Journal
                SPP
                Skin Pharmacol Physiol
                10.1159/issn.1660-5527
                Skin Pharmacology and Physiology
                S. Karger AG
                1660-5527
                1660-5535
                2013
                April 2013
                20 February 2013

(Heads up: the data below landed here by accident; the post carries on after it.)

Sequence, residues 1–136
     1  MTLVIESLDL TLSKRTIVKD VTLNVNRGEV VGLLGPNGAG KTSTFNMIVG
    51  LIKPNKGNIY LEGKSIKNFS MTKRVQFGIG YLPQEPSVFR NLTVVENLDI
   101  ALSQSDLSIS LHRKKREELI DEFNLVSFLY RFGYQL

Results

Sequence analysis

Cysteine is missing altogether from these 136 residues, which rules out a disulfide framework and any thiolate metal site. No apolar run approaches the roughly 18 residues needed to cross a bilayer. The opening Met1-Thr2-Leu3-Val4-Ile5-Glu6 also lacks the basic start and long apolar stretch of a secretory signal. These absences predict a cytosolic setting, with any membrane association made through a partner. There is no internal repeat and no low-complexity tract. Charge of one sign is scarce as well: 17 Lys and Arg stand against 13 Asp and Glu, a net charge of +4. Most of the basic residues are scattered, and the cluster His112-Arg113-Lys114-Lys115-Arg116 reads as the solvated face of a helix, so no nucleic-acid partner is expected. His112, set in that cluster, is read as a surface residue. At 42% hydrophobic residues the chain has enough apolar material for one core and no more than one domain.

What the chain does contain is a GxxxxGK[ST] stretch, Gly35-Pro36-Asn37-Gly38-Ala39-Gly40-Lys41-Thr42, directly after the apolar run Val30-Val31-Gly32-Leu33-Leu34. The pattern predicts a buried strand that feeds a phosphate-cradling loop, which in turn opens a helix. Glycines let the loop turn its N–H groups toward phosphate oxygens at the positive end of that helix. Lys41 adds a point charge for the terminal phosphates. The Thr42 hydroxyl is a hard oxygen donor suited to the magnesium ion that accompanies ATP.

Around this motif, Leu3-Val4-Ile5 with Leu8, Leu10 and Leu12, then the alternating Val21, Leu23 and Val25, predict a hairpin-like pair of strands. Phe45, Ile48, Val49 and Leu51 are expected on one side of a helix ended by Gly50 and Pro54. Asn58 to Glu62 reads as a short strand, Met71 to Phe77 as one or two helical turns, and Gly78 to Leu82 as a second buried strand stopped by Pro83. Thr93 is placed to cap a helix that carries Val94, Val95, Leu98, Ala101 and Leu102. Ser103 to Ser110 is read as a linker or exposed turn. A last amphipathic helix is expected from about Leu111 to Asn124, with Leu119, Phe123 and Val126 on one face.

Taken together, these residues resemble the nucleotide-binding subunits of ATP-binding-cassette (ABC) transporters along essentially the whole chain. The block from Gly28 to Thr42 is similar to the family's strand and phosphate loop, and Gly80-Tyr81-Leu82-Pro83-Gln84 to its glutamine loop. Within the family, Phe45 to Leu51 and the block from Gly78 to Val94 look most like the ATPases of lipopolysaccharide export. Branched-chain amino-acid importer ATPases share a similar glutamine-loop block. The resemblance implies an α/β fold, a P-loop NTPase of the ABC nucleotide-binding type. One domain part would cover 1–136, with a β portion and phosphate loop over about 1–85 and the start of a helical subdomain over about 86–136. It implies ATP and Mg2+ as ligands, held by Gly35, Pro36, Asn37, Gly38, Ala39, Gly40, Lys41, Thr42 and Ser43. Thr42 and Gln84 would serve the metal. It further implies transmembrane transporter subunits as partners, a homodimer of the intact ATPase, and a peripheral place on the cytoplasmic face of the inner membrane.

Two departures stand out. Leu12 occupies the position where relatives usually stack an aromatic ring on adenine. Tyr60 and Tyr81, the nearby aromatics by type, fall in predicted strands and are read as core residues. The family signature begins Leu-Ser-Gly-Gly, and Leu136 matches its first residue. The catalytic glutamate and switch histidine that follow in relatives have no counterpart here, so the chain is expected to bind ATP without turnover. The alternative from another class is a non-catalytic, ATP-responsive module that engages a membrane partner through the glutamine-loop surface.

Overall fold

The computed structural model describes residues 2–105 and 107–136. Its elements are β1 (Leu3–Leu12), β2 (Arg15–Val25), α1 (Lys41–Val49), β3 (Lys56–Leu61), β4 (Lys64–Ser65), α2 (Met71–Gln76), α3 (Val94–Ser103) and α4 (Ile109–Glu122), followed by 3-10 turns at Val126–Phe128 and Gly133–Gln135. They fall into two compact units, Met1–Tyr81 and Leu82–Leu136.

: 26
                : 2
                : 101-107
                Affiliations
                Departments of aDermatology and bClinical Pathology, Faculty of Medicine, Cairo University, Cairo, Egypt
                Author notes
                *Rania M. Abdel Hay, MD, 13th Abrag Othman, Kornish El Maadi, Cairo 11431 (Egypt), E-Mail omleila2@yahoo.com
                Article
                346698 Skin Pharmacol Physiol 2013;26:101-107
                10.1159/000346698
                23428658
                © 2013 S. Karger AG, Basel